James Michael McAdoo doesn’t care what you think.
He was crowned by USA Basketball before stepping foot on a college court, heralded as the next savior of North Carolina basketball.
But lust quickly turned to disgust, and just as quickly as he was worshipped, he was scorned by fans and scrutinized by analysts.
Chants of ‘overrated’ echo through hostile arenas, and hushed tones of doubt infiltrate the crowd on his home turf.
Draft experts slashed his worth from a top-three pick to second round at best in three years. But McAdoo can’t hear any of it.
He blocks it out. He has to. It’s the only way to stay sane and preserve the fleeting moments of a childhood rapidly evaporating as a professional career looms.
He maintains a private life — no Twitter, private Instagram, restricted Facebook. People see only the McAdoo that he wants them to see, which, until recently, was a stone-faced, emotionless power forward.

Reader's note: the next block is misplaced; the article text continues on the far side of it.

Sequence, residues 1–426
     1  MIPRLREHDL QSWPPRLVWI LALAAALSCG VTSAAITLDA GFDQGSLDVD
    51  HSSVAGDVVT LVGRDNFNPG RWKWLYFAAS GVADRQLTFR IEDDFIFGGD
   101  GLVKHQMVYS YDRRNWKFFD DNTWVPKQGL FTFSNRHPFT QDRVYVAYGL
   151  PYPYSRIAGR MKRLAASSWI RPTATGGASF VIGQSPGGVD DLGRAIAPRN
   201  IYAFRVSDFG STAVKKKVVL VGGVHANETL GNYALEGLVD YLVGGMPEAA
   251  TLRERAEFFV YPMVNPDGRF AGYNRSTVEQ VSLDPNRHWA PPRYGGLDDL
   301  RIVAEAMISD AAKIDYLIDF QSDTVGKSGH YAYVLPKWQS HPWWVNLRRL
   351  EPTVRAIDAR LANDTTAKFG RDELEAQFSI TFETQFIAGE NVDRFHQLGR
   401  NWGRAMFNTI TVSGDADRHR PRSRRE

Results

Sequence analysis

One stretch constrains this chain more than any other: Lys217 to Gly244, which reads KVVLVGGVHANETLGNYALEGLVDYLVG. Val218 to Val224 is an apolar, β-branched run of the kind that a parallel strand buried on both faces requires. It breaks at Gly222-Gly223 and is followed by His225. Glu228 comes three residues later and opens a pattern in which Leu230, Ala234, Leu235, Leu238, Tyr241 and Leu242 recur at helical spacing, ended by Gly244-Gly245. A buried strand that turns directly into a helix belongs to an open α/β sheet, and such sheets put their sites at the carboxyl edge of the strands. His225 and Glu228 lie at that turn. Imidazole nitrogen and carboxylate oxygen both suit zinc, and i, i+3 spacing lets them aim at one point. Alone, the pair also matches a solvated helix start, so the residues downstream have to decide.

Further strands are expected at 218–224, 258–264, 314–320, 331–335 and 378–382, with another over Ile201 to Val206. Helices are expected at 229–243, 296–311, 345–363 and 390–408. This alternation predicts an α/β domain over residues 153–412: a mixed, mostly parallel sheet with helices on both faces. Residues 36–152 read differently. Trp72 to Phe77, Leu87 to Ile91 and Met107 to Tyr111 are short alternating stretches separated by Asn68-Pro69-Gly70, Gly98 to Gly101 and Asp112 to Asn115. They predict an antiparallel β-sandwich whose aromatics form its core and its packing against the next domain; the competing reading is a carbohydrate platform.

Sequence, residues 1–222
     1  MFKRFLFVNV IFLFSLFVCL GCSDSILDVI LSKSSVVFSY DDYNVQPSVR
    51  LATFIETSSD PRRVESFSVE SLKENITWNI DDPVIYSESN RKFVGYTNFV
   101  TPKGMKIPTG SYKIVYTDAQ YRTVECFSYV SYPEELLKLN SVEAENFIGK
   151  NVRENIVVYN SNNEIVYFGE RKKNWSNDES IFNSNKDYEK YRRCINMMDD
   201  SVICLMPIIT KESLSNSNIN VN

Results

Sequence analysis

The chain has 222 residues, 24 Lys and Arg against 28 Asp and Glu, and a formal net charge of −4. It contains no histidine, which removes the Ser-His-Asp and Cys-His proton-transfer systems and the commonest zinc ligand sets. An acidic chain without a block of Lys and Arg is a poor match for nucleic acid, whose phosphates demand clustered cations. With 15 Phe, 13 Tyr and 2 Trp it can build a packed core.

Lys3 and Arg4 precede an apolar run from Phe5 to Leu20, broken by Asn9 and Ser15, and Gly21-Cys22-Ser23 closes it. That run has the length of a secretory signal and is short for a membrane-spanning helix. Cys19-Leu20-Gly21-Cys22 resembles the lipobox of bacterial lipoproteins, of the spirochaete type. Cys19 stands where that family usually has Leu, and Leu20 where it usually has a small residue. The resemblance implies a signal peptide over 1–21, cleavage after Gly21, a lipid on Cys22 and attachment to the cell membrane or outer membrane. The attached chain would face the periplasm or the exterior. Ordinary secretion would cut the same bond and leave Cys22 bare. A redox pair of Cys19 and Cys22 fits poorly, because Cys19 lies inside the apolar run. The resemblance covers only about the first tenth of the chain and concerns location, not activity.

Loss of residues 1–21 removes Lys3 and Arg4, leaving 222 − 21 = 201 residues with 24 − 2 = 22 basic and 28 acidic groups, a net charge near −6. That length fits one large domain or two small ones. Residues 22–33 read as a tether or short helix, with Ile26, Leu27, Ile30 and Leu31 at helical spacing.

He’s transformed beneath their laser-like gaze.
From barely averaging six points a game in his freshman year to becoming a leader for UNC on and off the court.
Coming into tonight’s game against Duke, McAdoo has all but left his former self behind. He’s averaging 15 points a game and playing with an intensity that embodies a sense of urgency coach Roy Williams begs from his players.
But there’s more to him than steals and dunks, botched free throws and silky close-range jump shots.
He’s a dog lover who owns a cat. He’s a goofball, known around the team for his corny jokes. He’s a compassionate man, grounded in his faith.
But above all else, he’s a 21-year-old kid just playing a game he loves.